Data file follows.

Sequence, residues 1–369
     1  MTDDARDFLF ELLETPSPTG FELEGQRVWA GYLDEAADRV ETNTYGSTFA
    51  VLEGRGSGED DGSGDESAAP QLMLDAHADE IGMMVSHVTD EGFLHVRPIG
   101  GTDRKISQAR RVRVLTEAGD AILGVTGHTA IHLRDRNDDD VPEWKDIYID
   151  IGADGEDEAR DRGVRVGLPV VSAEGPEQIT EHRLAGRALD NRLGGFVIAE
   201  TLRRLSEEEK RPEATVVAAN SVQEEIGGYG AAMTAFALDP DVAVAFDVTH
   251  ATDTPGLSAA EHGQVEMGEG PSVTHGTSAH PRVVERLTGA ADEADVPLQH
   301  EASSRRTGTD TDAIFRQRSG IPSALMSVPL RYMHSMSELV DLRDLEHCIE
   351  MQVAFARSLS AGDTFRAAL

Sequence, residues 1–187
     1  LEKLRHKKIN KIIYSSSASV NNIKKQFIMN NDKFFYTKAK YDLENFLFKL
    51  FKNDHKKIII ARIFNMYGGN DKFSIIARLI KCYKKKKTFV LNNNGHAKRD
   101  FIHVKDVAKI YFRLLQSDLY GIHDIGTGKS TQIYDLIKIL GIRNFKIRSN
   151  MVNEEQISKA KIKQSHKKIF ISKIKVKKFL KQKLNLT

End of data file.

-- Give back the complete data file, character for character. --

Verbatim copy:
Sequence, residues 1–369
     1  MTDDARDFLF ELLETPSPTG FELEGQRVWA GYLDEAADRV ETNTYGSTFA
    51  VLEGRGSGED DGSGDESAAP QLMLDAHADE IGMMVSHVTD EGFLHVRPIG
   101  GTDRKISQAR RVRVLTEAGD AILGVTGHTA IHLRDRNDDD VPEWKDIYID
   151  IGADGEDEAR DRGVRVGLPV VSAEGPEQIT EHRLAGRALD NRLGGFVIAE
   201  TLRRLSEEEK RPEATVVAAN SVQEEIGGYG AAMTAFALDP DVAVAFDVTH
   251  ATDTPGLSAA EHGQVEMGEG PSVTHGTSAH PRVVERLTGA ADEADVPLQH
   301  EASSRRTGTD TDAIFRQRSG IPSALMSVPL RYMHSMSELV DLRDLEHCIE
   351  MQVAFARSLS AGDTFRAAL

Sequence, residues 1–187
     1  LEKLRHKKIN KIIYSSSASV NNIKKQFIMN NDKFFYTKAK YDLENFLFKL
    51  FKNDHKKIII ARIFNMYGGN DKFSIIARLI KCYKKKKTFV LNNNGHAKRD
   101  FIHVKDVAKI YFRLLQSDLY GIHDIGTGKS TQIYDLIKIL GIRNFKIRSN
   151  MVNEEQISKA KIKQSHKKIF ISKIKVKKFL KQKLNLT